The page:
Justice is served!
Two months ago when I received the summons for jury duty in the mail, I groaned aloud, and this I’m sure is the usual way most hapless Americans react. Because it happens to be the mandatory ‘duty’ of each and every citizen of this nation and you cannot escape from it unless you have an awfully good excuse.
And as was the case I had none. I wasn’t on my deathbed; I wasn’t the sole caretaker of a severely disabled person; I didn’t suffer from memory loss; nor did I not have a reasonable understanding of the English language. So like it had happened the last couple of times, all I could hope for was a dismissal of the case. But as they say—three times and you are it.
So on the D day (a typical sunny Colorado winter day with not a blizzard in sight!) I presented myself at the local county combined courts wearing my best somber face (this happens to be serious business!) along with 20 or so other like minded souls.
As yours truly had predicted, the case was on the schedule. We went through the rituals; marched single file through security (I was particularly thrilled at the absence of body scanners,) then gathered in the jury room where we were checked in by the sympathetic court clerk who did her best to make us feel that we were not the ones on trial—well, she tried.
Then we had to watch the ubiquitous 15 minute video (the optimum tool for mass instruction made especially for a ‘captive’ audience.) But to my amazement instead of having the inevitable soporific effect, I found it quite interesting. Instead of raking up my fears by another 200% it actually helped dissipate them.
Being a juror is not a bad thing after all and the following are just some of the reasons:
1. The juror is the most powerful person in a court of law, more than the judge or even the president of the United States (and that feels good!)
2. Every person is presumed innocent until proven guilty.
3. The burden of proof lies with the prosecution.
4. Defendants have the right to a quick trial by a jury of people who are not involved with the case and are not biased against them. (6th amendment to the bill of rights.)
Now feeling a lot less apprehensive and perhaps a little more excited I trooped up to the courtroom for the jury selection process. (A real courtroom!)
It was just like the ones they show on TV—a large wood paneled room with a serious looking judge in black robes, a bailiff, a security guard, the district prosecutor with the plaintiff and of course the defence attorney with the defendant. The only thing lacking was an audience—guess it was not that high profile of a case. Yet the aura was there, I could feel it as I sat there waiting and almost wishing to be chosen as one of the potential 12, from among whom 6 would be chosen.
And my name was called! The first step had been crossed successfully.
Now came the scary part when the potential jurors would be questioned by both the attorneys and anyone who appeared to hold even the slightest of bias would be rejected.
And when it was my turn, I held the microphone in my hand, willed my voice not to tremble (it was all being recorded,) answered as honestly as I could.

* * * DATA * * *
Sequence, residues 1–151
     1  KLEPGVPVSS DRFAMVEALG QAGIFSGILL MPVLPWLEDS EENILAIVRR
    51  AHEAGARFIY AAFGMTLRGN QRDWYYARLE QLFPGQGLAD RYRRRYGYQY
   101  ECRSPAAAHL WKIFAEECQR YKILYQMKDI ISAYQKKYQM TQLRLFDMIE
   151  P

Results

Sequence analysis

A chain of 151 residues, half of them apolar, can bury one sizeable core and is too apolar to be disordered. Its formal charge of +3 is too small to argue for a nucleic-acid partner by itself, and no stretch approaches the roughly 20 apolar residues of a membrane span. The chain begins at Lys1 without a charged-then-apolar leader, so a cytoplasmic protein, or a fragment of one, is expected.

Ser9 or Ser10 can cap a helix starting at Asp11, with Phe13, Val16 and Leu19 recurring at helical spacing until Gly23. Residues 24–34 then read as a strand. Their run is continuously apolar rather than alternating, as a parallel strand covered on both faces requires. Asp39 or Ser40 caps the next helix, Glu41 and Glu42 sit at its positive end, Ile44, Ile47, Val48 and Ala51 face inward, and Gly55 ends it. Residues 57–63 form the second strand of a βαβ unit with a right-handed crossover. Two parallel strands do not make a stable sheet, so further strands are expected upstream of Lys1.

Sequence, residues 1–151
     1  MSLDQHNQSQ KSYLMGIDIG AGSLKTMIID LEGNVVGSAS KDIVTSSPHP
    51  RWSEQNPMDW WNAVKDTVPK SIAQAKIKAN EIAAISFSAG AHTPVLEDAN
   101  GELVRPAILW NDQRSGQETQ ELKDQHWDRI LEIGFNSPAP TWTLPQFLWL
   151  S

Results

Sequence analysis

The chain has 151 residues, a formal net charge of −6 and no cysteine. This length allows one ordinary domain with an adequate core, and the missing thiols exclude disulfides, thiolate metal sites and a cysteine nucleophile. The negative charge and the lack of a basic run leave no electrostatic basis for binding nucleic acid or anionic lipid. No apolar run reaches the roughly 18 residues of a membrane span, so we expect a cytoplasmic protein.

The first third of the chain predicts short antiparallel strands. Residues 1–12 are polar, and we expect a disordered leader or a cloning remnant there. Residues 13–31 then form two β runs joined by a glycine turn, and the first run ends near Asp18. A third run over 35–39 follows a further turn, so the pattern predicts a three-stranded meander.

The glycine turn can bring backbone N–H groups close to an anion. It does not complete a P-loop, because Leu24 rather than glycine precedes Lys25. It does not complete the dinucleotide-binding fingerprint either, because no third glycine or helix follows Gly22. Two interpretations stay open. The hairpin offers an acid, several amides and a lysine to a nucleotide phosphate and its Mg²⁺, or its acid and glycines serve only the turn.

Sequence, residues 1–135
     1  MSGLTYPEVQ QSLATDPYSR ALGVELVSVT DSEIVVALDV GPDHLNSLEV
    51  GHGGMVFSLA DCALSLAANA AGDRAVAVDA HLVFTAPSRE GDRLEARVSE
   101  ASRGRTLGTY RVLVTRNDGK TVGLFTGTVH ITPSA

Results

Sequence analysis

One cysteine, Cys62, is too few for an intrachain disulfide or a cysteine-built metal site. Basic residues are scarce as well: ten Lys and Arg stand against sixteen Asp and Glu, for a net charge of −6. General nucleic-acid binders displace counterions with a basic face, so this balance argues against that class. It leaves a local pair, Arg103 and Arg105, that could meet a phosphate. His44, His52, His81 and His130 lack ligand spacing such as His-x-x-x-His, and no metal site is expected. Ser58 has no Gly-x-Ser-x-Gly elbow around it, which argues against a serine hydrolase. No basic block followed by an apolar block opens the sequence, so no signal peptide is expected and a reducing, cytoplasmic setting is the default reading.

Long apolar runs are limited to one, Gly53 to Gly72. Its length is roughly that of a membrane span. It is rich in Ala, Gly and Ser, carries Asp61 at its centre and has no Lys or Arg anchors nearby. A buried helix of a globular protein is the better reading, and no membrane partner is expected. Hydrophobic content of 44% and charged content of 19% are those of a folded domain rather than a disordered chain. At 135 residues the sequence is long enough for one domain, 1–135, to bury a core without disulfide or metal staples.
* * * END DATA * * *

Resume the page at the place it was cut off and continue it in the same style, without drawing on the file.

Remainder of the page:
Yes! I made it! I was chosen! Yoohoo! (It was so hard to keep my feet planted firmly on the ground. If only the lawyers could read my mind!)
Now for the serious stuff—The Trial.
And surprise, surprise, I was able to follow the goings on quite well, even the legal jargon (thank God for the endless addiction to TV courtroom dramas, Perry Mason mysteries and most of all the Judge’s prior instructions.)
The case was one of criminal mischief and I will relinquish the urge of going into further details just so to protect the identities of the people involved.
The proceedings weren’t boring, rather they were quite cool. Though they lacked the melodrama and flamboyance of TV (though the Defense attorney did try his best,) the undercurrent of tension was unmistakable and the best part was that it was all Real.
There were opening statements, witnesses, examinations, cross examinations, objections from both sides and most importantly the evidence.
And wonder of wonders, we as jurors were allowed to pose questions to the witnesses in writing with prior approval of the judge and lo and behold I did have such a question and the defense attorney pounced on it right away and used it to make the case for his client stronger.
Finally after all had been said and done, around 4:30 pm the jurors were secluded and asked to come up with a unanimous verdict.
And we did, after careful deliberation. It wasn’t a task to be taken lightly. We had been given a directive to mete justice, to declare someone guilty or not guilty of a crime. What other responsibility could be greater or hold more importance?
The defendant was declared not guilty with a unanimous verdict which I believe was fair and just.
So at the end of the day, I emerged from the courthouse a changed person; my sense of inconvenience and apprehension now replaced with that of achievement and satisfaction because I had played a vital role in keeping the well oiled machinery of this country running smooth and strong.
But the biggest reason why I was happy that day was something quite different, something I’m sure my fellow jurors shared with me. If I ever had the unfortunate luck of ending up in the defendant’s corner, I could at least rest assured that I would get a fair trial by jury just like the one I had been a part of. And that gives me a great deal of comfort.